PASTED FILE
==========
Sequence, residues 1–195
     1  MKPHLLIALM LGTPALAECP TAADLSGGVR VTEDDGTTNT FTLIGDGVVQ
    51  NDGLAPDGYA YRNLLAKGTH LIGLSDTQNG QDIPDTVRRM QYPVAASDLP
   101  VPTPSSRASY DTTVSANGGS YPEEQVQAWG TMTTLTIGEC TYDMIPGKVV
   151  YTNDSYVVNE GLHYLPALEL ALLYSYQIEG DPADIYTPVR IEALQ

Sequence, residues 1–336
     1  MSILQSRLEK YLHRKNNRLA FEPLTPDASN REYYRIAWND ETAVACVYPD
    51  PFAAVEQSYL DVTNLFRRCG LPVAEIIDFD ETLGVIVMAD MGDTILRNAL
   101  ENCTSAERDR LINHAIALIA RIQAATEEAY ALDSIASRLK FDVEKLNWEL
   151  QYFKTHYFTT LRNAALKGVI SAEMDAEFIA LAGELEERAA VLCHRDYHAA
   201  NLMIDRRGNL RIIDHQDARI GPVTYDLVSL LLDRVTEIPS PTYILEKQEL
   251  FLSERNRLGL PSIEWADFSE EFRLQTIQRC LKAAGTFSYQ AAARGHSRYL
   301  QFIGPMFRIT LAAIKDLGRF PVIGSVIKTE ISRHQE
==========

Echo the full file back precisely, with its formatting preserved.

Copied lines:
Sequence, residues 1–195
     1  MKPHLLIALM LGTPALAECP TAADLSGGVR VTEDDGTTNT FTLIGDGVVQ
    51  NDGLAPDGYA YRNLLAKGTH LIGLSDTQNG QDIPDTVRRM QYPVAASDLP
   101  VPTPSSRASY DTTVSANGGS YPEEQVQAWG TMTTLTIGEC TYDMIPGKVV
   151  YTNDSYVVNE GLHYLPALEL ALLYSYQIEG DPADIYTPVR IEALQ

Sequence, residues 1–336
     1  MSILQSRLEK YLHRKNNRLA FEPLTPDASN REYYRIAWND ETAVACVYPD
    51  PFAAVEQSYL DVTNLFRRCG LPVAEIIDFD ETLGVIVMAD MGDTILRNAL
   101  ENCTSAERDR LINHAIALIA RIQAATEEAY ALDSIASRLK FDVEKLNWEL
   151  QYFKTHYFTT LRNAALKGVI SAEMDAEFIA LAGELEERAA VLCHRDYHAA
   201  NLMIDRRGNL RIIDHQDARI GPVTYDLVSL LLDRVTEIPS PTYILEKQEL
   251  FLSERNRLGL PSIEWADFSE EFRLQTIQRC LKAAGTFSYQ AAARGHSRYL
   301  QFIGPMFRIT LAAIKDLGRF PVIGSVIKTE ISRHQE